No, that doesn’t bother me. It’s not what I play for. I don’t play for the recognition or the fame. I’m good with that. It’s fine. I come to the field and do my job every day and whether I’m known or not is not huge for me.

What’s your most enduring memory from All-Star weekend?

Oh, man. Had a couple of close buddies from high school there. The actual moment that I thought was the coolest was the home run derby. Just to sit on the side and watch Todd Frazier do what he did was probably the coolest part for me.

Does that experience motivate you to get back to the All-Star game?

I don’t think of it as “I want to make another All-Star team.” I think of it more as, I set the bar higher for myself last year. That’s not a goal. I think it happens with doing things the right way. My focus going into last year was to just be a tougher out and to be as good as I can defensively. And it turned into being an All-Star. And that’s pretty much the same approach I’m going to have this year.

You’re a 6-foot-4 second baseman. That’s unusual. When we think of second basemen, we still envision more of a diminutive guy like Jose Altuve. Do you think being that tall ever worked against you and your progress through the minors and into the bigs?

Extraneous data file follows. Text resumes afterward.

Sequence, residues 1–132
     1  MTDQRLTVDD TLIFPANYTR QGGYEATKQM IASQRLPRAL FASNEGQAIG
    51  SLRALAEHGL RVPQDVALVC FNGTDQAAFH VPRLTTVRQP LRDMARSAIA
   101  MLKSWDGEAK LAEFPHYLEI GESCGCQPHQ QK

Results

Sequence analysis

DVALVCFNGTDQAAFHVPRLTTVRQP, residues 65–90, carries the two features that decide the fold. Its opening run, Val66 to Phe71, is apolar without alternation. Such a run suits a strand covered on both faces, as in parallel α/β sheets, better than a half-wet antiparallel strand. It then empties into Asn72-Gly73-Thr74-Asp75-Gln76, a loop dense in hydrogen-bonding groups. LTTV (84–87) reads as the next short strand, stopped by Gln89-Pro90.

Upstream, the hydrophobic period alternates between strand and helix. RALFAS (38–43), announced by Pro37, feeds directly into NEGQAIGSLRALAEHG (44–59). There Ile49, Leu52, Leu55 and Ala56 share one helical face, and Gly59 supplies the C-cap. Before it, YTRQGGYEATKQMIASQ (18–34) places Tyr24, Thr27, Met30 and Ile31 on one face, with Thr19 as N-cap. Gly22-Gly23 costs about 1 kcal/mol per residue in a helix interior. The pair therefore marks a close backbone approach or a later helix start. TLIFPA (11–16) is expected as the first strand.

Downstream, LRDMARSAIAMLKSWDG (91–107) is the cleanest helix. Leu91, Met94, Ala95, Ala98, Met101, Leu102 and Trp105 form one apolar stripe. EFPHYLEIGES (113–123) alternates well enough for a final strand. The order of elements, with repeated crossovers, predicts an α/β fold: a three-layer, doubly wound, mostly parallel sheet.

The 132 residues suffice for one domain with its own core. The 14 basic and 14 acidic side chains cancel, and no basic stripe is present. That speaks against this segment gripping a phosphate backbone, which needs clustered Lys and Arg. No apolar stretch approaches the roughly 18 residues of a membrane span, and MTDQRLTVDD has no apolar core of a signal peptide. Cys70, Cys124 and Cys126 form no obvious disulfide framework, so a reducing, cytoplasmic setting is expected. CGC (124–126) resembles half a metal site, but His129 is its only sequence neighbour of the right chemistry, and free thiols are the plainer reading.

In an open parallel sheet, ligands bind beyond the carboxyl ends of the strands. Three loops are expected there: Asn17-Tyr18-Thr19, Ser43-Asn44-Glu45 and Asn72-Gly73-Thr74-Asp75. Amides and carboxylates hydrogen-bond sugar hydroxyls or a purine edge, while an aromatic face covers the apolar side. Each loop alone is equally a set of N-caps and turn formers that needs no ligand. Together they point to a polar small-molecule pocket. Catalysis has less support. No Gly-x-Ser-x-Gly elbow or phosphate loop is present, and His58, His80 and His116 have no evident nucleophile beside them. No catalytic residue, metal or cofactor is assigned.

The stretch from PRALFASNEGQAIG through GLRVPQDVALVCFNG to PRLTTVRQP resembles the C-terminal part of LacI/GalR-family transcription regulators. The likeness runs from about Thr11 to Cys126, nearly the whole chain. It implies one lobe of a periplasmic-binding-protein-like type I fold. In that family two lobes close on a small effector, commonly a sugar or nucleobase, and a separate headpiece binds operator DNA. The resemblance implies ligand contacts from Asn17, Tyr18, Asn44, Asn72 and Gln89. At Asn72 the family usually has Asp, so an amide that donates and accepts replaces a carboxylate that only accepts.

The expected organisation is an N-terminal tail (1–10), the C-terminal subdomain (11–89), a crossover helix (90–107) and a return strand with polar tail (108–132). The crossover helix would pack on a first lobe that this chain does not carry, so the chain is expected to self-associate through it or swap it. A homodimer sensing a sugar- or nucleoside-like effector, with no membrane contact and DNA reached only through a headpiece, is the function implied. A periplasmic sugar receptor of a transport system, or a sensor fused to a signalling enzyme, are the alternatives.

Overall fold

Yeah, I think it always hurt me a little bit. I don’t think people ever knew what to think of me – in college or the minors. Should I play second or short or maybe even third. But for me, being tall helps defensively. I have pretty long arms. And somehow, despite my size, I stay pretty low to the ground. So, I think of my height as an advantage.

If the Rockies had trouble at shortstop, would be able to fill in?

(Laughing) I would like to think I can, but I think we have plenty of shortstops who can handle the job.

The Rockies are raising the fences at Coors Field. It’s going to be harder for you to get into double digits for home runs now.